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The truth: why managers won’t come anywhere near you

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(Image credit: mgkaya/Getty)

Mark Clayden knows his way around the music business as a performer, record label owner and educator. For a full list of his accomplishments, see the end of this article. But for now, allow us to present the next installment of Your Music, Your Business, his no-holds-barred series for MusicRadar. 

Hello. 

I’ve written some simple, free, bite-sized, no bullshit blogs on how to get ahead as an artist or musician. You can read each blog in less than 90 seconds. My honest and helpful tips will get you and your music further faster.

I won’t make you famous, but I will make you better.

MD Clayden


What managers need to see

They’re managers not genies, and you’re not Aladdin

If you get a manager, it’s gonna solve all of your problems. You’ll get more high profile gigs and festivals, bigger and better recording deals, and last but not least, you’ll be famous. You will have finally arrived in the music industry. 

Wait, we’re daydreaming here. 

Let’s try and put all of the “If I get a manager…” stuff to one side for a few minutes. How’s it really going to play out then? Let’s look at what really happens. Any and all managers have a checklist for any artist they will even consider working with, and it looks like this...

1. Songs

This is the most important item on the checklist. Without standout, well written songs, you’re wasting everyone’s time, including your own. 

Don’t make the classic rookie error that has been the downfall of hundreds of thousands of musicians before you, of rushing to get material up on the internet, when it’s simply not ready. 

Make the best compositions that you can, and make sure that they are finished, or don’t be a musician

DOn't MISS

(Image credit: Caspar Benson/Getty)

Why  releasing an album is a waste of time

2. Look and Lifestyle

Do you look believable? Does your image suit the genre of music you play; do you dress the same way as the peers in your genre? Unless you’re the next David Bowie, then trust me, this is a deal breaker. 

Do you look like an artist or band? Too many artists look like they got trapped in a time warp of being in the Sixth Form and were then stranded in the overcrowded barren wasteland of the non-starters

3. Likes

Any manager will want to see that you have, are and will continue to take your online presence and social media platforms very, very seriously. They’re looking for numbers, likes, fans and active engagement.

4. Live

Every move your favourite artists make during a live show and every word they say, has been thought about, thoroughly planned and rehearsed. Nothing about live performance is natural. It’s all manufactured. 

From where artists stand on stage, to how they move, to what they say in-between songs. So, get with the programme and get planning to up your game

5. Believable and Credible

A manager needs to know without a shadow of a doubt that you are 100% believable as an artist/band. That means on and off stage, in interviews and when you meet the general public.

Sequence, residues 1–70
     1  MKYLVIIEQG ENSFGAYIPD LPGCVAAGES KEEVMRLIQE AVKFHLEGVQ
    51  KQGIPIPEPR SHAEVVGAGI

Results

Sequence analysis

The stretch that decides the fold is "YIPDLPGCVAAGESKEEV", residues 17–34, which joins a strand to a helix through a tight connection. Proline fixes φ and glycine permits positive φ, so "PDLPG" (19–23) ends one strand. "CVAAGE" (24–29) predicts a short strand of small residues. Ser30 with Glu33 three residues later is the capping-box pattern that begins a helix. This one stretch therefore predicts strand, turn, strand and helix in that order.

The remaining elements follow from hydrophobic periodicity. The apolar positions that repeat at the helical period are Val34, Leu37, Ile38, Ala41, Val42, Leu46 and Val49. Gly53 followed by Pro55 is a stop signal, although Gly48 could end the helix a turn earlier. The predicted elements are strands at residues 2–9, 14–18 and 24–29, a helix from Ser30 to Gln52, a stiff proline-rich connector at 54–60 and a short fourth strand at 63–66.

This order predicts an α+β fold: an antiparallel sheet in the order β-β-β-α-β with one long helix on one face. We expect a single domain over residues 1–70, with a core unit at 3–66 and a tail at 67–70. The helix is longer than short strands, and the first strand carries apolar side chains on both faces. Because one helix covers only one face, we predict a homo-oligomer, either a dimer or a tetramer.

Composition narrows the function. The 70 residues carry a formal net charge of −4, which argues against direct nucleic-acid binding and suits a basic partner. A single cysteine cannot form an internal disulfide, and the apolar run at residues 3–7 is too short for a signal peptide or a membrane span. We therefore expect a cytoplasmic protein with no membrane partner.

You are asking people to buy into a lifestyle that you have created and are living. If it’s fake, pretentious or full of holes, people will see through it and then it’s game over, you lose, before you even get out of the starting gate

6. Work ethic

A manager will need to know that you will sacrifice everything for your music. If you can identify with any of these phrases below, you don’t need a manager, you just need to quit being a musician: “I can’t be bothered”, “I’ll do it tomorrow”, “I’m just really tired right now.”

So...

So, to wrap up; that’s right, you will need to tick all of the boxes above to attract managers. They won’t write songs for you, tell you how to look, tell you what to do on stage, tell you how to be credible or hold your hand. 

They’re managers not genies, and you’re not Aladdin. 

They’re looking for an artist who is ready to go and even then it’s not a done deal. They will ask other bands, record labels, booking agents and even other managers what they think of you, before they decide to work with you or not.

(Image credit: Mark Clayden)

Who is Mark Clayden, then?
Mark Clayden is the founding member, songwriter and bass player for Pitchshifter and This is Menace. 

He has: 
• Written, recorded and released eleven albums across eight record labels, including Geffen, MCA and Sanctuary, working with world-renowned producers such as Dave Jerden and Simon Effamy
• Toured over 30 countries at stadium level, including Australia, USA, Japan, Canada and Jamaica, with artists such as Iggy Pop,Black Sabbath, Public Enemy, Faith No More, Queens of the Stone Age, Incubus, Metallica, Deftones, Limp Bizkit, Korn and Ozzy Osbourne
• Performed on the main stages at Reading Festival, Vans Warped Tour, Download Festival, the Big Day Out and Ozzfest
• Recorded radio sessions for John Peel, Radio One and XFM
• Secured publishing deals with EMI, including placement of songs into Hollywood films international television shows, adverts and video games
• Founded, ran and managed his own record label, PSI Records
• For more info on Pitchshifter, see facebook.com/Pitchshifter.uk